We know placements are a wonderful opportunity for students to apply their knowledge in real-life situations, but placements can be a challenging for supervisors.  Supervisors may be pressed for time, be managing work or organisational demands, or facing their own personal issues.  There is potential for student supervisors to be affected by work-related stress and burn-out. 

The World Health Organisation defines ‘work-related stress’ as: ...“the response people may have when presented with work demands and pressures that are not matched t their knowledge and abilities and which challenge their ability to cope.”  

Workplace stress differs from burn-out.  Burn-out is defined in ICD-11 as follows: 

“Burn-out is a syndrome conceptualized as resulting from chronic workplace stress that has not been successfully managed. It is characterized by three dimensions: 
feelings of energy depletion or exhaustion; 
increased mental distance from one’s job, or feelings of negativism or cynicism related to one's job; and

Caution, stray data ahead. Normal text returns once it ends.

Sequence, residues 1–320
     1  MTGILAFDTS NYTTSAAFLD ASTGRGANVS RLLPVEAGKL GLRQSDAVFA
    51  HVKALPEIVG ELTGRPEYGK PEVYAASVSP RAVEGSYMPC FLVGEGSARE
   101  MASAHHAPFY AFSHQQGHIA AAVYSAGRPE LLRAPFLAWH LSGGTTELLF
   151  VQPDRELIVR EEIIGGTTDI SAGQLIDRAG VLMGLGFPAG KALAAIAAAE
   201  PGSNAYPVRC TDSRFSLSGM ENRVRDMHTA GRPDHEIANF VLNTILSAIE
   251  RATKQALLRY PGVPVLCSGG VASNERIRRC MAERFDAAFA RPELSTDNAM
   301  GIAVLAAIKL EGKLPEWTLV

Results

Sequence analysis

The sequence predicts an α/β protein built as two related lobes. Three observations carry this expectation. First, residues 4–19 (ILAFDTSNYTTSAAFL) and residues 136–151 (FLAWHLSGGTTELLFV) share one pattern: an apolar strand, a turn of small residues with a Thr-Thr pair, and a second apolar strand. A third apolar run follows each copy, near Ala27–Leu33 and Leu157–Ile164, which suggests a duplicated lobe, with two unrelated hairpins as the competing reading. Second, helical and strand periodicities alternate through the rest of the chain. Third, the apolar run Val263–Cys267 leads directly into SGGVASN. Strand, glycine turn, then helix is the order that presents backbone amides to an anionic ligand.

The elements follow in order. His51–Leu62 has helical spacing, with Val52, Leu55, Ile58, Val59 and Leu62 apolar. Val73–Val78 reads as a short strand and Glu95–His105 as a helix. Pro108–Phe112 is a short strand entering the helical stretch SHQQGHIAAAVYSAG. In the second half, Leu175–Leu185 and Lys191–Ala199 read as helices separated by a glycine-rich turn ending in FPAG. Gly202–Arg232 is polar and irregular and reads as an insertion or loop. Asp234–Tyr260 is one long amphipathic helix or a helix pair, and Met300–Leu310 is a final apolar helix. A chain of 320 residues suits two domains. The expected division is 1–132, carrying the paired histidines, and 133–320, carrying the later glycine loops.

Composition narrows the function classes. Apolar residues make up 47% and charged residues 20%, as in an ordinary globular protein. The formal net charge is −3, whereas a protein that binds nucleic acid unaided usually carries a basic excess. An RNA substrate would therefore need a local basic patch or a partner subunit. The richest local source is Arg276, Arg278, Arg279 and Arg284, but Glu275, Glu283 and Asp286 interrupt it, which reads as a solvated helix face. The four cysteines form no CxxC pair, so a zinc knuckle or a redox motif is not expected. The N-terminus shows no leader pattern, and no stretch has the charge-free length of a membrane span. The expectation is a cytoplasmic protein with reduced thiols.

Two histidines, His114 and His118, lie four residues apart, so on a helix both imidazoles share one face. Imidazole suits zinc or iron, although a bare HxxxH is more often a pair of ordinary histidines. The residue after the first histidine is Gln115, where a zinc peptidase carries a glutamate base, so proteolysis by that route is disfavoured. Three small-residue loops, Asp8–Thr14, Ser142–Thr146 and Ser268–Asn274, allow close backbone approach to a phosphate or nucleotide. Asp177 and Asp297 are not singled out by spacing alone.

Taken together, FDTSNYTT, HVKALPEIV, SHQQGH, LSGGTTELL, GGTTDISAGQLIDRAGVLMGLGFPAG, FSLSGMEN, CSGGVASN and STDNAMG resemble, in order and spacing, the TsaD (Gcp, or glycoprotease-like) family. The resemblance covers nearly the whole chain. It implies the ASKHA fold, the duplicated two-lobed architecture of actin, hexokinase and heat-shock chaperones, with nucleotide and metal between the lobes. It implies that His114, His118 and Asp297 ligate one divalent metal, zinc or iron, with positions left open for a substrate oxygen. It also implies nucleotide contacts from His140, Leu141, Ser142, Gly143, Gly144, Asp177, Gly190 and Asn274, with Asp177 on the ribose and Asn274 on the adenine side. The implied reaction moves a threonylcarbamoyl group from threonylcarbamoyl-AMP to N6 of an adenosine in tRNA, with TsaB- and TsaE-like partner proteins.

reduced professional efficacy. 
Burn-out refers specifically to phenomena in the occupational context and should not be applied to describe experiences in other areas of life.” 

Student supervisors need to be proactive in seeking opportunities to develop their resilience (an ability to ‘overcome adversity, adapt and adjust, and maintain good mental health’ (Badu etal, 2020)

Four major components affecting wellbeingaffect wellbeing and resilience (Poulsen, 2013):  

  1. Detach 
  2. Relax 
  3. Mastery 
  4. Control.   


  • Set boundaries – consciously shift your thoughts away from work at the end of the day, leave notes/laptop/emails at work
  • Try to remain in the ‘Here and Now’ – reduce thinking about yesterday or what else needs to be done tomorrow
  • Incorporate ‘breathing space’ - Include adequate time away from your student during placement. Organise a session with another practitioner, provide them with project work, documentation time, reflection time so that you can catch up on what you need to do
  • Stop to savour – pause to consider a good moment, communicate positives with others
  • Consider three good things that happened today
  • Consider the use of ‘Appreciative Inquiry’ – with the team and student, actively discuss what is working well, list achievements